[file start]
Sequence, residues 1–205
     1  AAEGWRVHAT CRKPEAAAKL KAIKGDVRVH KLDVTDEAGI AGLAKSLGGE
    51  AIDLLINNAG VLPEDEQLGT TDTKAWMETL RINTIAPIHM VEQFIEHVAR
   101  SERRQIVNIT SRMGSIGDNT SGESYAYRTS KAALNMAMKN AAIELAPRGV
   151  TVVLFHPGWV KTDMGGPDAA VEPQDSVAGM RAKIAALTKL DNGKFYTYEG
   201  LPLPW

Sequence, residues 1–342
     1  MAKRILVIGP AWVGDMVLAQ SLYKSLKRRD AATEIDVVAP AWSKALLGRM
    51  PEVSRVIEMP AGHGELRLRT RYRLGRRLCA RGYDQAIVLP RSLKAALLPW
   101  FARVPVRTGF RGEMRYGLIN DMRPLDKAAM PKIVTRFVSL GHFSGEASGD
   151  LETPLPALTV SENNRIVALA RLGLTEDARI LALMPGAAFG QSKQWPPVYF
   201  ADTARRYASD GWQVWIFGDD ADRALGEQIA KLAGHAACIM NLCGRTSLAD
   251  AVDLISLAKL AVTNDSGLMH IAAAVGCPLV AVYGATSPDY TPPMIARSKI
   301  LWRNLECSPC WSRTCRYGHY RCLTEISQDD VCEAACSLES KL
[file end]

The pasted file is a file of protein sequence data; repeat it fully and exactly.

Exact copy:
Sequence, residues 1–205
     1  AAEGWRVHAT CRKPEAAAKL KAIKGDVRVH KLDVTDEAGI AGLAKSLGGE
    51  AIDLLINNAG VLPEDEQLGT TDTKAWMETL RINTIAPIHM VEQFIEHVAR
   101  SERRQIVNIT SRMGSIGDNT SGESYAYRTS KAALNMAMKN AAIELAPRGV
   151  TVVLFHPGWV KTDMGGPDAA VEPQDSVAGM RAKIAALTKL DNGKFYTYEG
   201  LPLPW

Sequence, residues 1–342
     1  MAKRILVIGP AWVGDMVLAQ SLYKSLKRRD AATEIDVVAP AWSKALLGRM
    51  PEVSRVIEMP AGHGELRLRT RYRLGRRLCA RGYDQAIVLP RSLKAALLPW
   101  FARVPVRTGF RGEMRYGLIN DMRPLDKAAM PKIVTRFVSL GHFSGEASGD
   151  LETPLPALTV SENNRIVALA RLGLTEDARI LALMPGAAFG QSKQWPPVYF
   201  ADTARRYASD GWQVWIFGDD ADRALGEQIA KLAGHAACIM NLCGRTSLAD
   251  AVDLISLAKL AVTNDSGLMH IAAAVGCPLV AVYGATSPDY TPPMIARSKI
   301  LWRNLECSPC WSRTCRYGHY RCLTEISQDD VCEAACSLES KL